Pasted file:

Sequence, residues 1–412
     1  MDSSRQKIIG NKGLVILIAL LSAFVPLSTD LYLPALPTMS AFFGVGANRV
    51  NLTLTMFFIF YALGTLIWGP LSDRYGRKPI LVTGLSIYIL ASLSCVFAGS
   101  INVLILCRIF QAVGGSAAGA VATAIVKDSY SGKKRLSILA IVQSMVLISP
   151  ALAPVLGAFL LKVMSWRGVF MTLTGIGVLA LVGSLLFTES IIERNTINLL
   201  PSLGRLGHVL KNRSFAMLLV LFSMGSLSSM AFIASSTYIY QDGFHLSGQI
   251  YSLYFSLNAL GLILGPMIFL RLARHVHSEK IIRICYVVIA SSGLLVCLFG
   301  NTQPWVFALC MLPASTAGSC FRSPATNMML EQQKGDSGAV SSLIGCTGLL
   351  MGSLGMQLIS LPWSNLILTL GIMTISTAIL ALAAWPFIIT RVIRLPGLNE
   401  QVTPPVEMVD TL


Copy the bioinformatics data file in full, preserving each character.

Sequence, residues 1–412
     1  MDSSRQKIIG NKGLVILIAL LSAFVPLSTD LYLPALPTMS AFFGVGANRV
    51  NLTLTMFFIF YALGTLIWGP LSDRYGRKPI LVTGLSIYIL ASLSCVFAGS
   101  INVLILCRIF QAVGGSAAGA VATAIVKDSY SGKKRLSILA IVQSMVLISP
   151  ALAPVLGAFL LKVMSWRGVF MTLTGIGVLA LVGSLLFTES IIERNTINLL
   201  PSLGRLGHVL KNRSFAMLLV LFSMGSLSSM AFIASSTYIY QDGFHLSGQI
   251  YSLYFSLNAL GLILGPMIFL RLARHVHSEK IIRICYVVIA SSGLLVCLFG
   301  NTQPWVFALC MLPASTAGSC FRSPATNMML EQQKGDSGAV SSLIGCTGLL
   351  MGSLGMQLIS LPWSNLILTL GIMTISTAIL ALAAWPFIIT RVIRLPGLNE
   401  QVTPPVEMVD TL